T2: I saw Steve cheering and told him that I wasn't having an ideal race. I was definitely feeling sorry for myself, but I still tried to hurry. I slipped off my extra bike shorts, got rid of my helmet and bike shoes, and grabbed a hat, my race belt, and my running shoes (thankfully the rain had not yet drenched my socks). My fingers were frozen, and it took a lot of work to get my shoes on. I was out in 2:12 - just a few seconds faster than the 2:18 I posted last year at this race.
The Run: I told myself to suck it up and get running. One thing I do well in the cold and the rain is run. I told my brain that it was only allowed to cheer for people and pick people ahead of me to pass. There would be no more feeling sorry for myself. I told my legs that they were in charge of running, and the rest of me wouldn't think about it. This strategy worked really well, actually. I had seen the first place finisher coming down the wood chip hill just as I was starting, so I literally got to cheer on everybody out there (it was an out and back course). It made me feel good to be encouraging and joking around with so many of the racers as I was meeting them and passing them, and for the first time all day, I started to feel good. Around mile 10, my times were slowing up a little and I had to pee...again. In retrospect, I'm sure I was hypothermic. I really didn't drink much all day, but cold diuresis kicks in, and you can actually end up fluid down. I ducked into the bushes for the last time. Then I pushed through the pain for the last 5K to cross the finish line in a run time of 2:05:39 - a new 70.3 run PR by over 6 minutes.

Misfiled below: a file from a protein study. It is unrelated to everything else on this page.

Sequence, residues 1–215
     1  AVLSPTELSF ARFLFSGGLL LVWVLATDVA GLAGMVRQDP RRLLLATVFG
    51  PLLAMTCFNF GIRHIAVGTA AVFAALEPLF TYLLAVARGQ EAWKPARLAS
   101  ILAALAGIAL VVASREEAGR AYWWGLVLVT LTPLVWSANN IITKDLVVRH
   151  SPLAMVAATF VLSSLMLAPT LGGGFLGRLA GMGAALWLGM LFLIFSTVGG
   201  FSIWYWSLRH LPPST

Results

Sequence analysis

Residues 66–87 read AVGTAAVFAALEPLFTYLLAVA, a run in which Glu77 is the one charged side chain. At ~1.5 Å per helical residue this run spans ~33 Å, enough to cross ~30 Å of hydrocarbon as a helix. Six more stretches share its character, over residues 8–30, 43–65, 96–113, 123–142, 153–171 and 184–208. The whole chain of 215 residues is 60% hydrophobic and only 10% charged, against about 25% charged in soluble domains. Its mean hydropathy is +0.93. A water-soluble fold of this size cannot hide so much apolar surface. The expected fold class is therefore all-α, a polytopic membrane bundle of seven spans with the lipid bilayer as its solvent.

Total Time: 6:12:49 - my second fastest 70. 3(not counting Steelhead 08 which was a du). My time was nearly 40 minutes faster than my Liberty race last year.
Final time: 6:12:45 192/234 overall, 52/80 women, 11/16 AG
* No finish time with a 5 for me this time around, but I am getting closer. I cut nearly 40 minutes off my time from last year. In retrospect, I picked a pretty aggressive course to try to see this happen. I'm hoping that with some more consistent work in the pool, a better (sweet!) new bike and wheels (which will hopefully be in my hands soon), and my new coach, attaining this goal won't be too far off.
* In retrospect, my goal on the bike was probably a bit too aggressive. My bike time at this race last year was 3:22. I was significantly faster this year, even with a duck into the bushes. I know I'll keep getting faster, and I would have loved to see my time had I not needed a potty stop so bad.
* Steve had already packed up our stuff and was ready to go.
* I know what I need to do for Rev3. Bring on the training!